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07/08/2009 Why Agency Sites are NOT the Future of the Web

When Crispin Porters Web site went beta last week, the digital world was atwitter. What started as a rumble with Zeus Jones, shot forward with Modernista, awed us with Skittles suddenly went super prime time with http://beta.cpbgroup.com/. Finally, proof that all that we online marketers had talked about over the past year or so was starting to come true. The future of the Web had arrived via the hottest ad shop in the world.

Amidst all the gushing, by people who I think are some of the smartest people around, I couldn't help but thinking about how the gushers reminded me of Sally Field accepting her Oscar Award.  The very fact of Crispin following our flow instead of leading it made it sound like a collective gasp of "Alex, you like us. You really like us!"


The Crispin site is a good site for them. Just like the EVB site is good for those great digital marketers and the Barbarian Group's site is a sharp picture of who they are. Personally I love good agency sites, mostly because there are so few of them. But they're not the future of the Web. Not even close. Here's why:

  1. Agencies use their sites to show that they get it - First it was cool flash sites, and now its user generated, social media connected sites. Why? Because agencies need to use the medium itself to prove to prospects that they have command of the latest digital trends. For this subset of service providers, the medium IS really the message. For most businesses that's not the case. They don't have to show that they're flashy or hooked into social media to prove anything. It might help in some cases, but they're not selling the medium itself.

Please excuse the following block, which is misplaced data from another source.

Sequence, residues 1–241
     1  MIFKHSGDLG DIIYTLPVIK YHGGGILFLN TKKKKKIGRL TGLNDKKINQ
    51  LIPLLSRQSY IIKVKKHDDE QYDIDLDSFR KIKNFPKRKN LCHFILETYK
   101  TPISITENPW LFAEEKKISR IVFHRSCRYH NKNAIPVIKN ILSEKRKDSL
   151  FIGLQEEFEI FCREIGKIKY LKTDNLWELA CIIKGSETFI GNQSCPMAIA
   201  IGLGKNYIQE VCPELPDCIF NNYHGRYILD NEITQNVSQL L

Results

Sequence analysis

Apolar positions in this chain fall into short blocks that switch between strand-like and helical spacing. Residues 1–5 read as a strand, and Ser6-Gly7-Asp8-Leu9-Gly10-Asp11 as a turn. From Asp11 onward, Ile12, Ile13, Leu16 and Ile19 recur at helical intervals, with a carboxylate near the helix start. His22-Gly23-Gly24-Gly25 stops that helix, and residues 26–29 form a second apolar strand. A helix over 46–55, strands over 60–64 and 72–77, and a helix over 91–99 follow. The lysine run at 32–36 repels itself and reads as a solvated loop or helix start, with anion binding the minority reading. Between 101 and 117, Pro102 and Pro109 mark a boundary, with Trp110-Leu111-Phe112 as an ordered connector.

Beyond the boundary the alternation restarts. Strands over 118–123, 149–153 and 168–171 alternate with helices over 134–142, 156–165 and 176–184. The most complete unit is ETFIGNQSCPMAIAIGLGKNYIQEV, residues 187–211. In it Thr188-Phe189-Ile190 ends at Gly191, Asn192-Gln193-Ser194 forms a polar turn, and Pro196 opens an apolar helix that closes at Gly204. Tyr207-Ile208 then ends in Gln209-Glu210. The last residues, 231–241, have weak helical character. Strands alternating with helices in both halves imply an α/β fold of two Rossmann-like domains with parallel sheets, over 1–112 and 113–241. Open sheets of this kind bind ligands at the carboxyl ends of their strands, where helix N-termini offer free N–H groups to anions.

2. People don't make purchase decisions on agency sites - While I've heard anecdotes I've never heard real stories of people who visited an agency site and hired them right there and then. Never. I can imagine some very small clients doing this but none of any significant business size. Has anyone else? People visit agency sites in a longer process. They've heard about the agency, they've seen some of its work; they're planning on visiting or asking them to respond to an RFP. They look at the agency site to confirm what they're thinking or to fill in some holes (and hopefully not create others). E-commerce sites (agency clients) need to sell something. Service businesses need to prove their competence and personality in areas that have nothing to do with the Web. Can you really take a look at a law firm's site design and technology and conclude they're very good lawyers? Probably not.
  3. Size matters - Many businesses have far more information to organize than do agency sites. Especially when you get into deep e-commerce sites. I love sites like EVB's and the Barbarian Group's because of their simplicity. It's much harder to do this with multi-layered, multi-national companies. Or maybe its not that much harder. It's just harder to convince those clients to go simple. While aggregation might seem to be the wave of the future even for these corporate giants, how the heck are you going to find out about the group you're really trying to contact through the company's Web site if everything is aggregation? Maybe the evolution of the semantic Web will solve this, but social media aggregation probably will not.

I think the new Crispin Porter & Bogusky site is great. But I liked their old site a lot too, with its simple, visual layout, where the work was front and center. I loved how they put their handbook right where everyone could read it.

There are a lot of businesses for whom this makes a lot of sense. Brands whose sites look to entertain and that thrive on conversations and image more than commerce. Starbucks, for example, or BMW. For   those brands, they can look at CPB and learn and aspire.

But many brands still look to the Web as one of their leading sales channel instead.

The new site, like EVB's, isn't necessarily a harbinger of the greater Web world. It's just a bunch of super smart people showing clients that they get how the digital world changes, and that they can master those changes. Rather than taking the execution as the model of the future, business should look at the concept behind what these firms are trying to achieve. Proof of their abilities.

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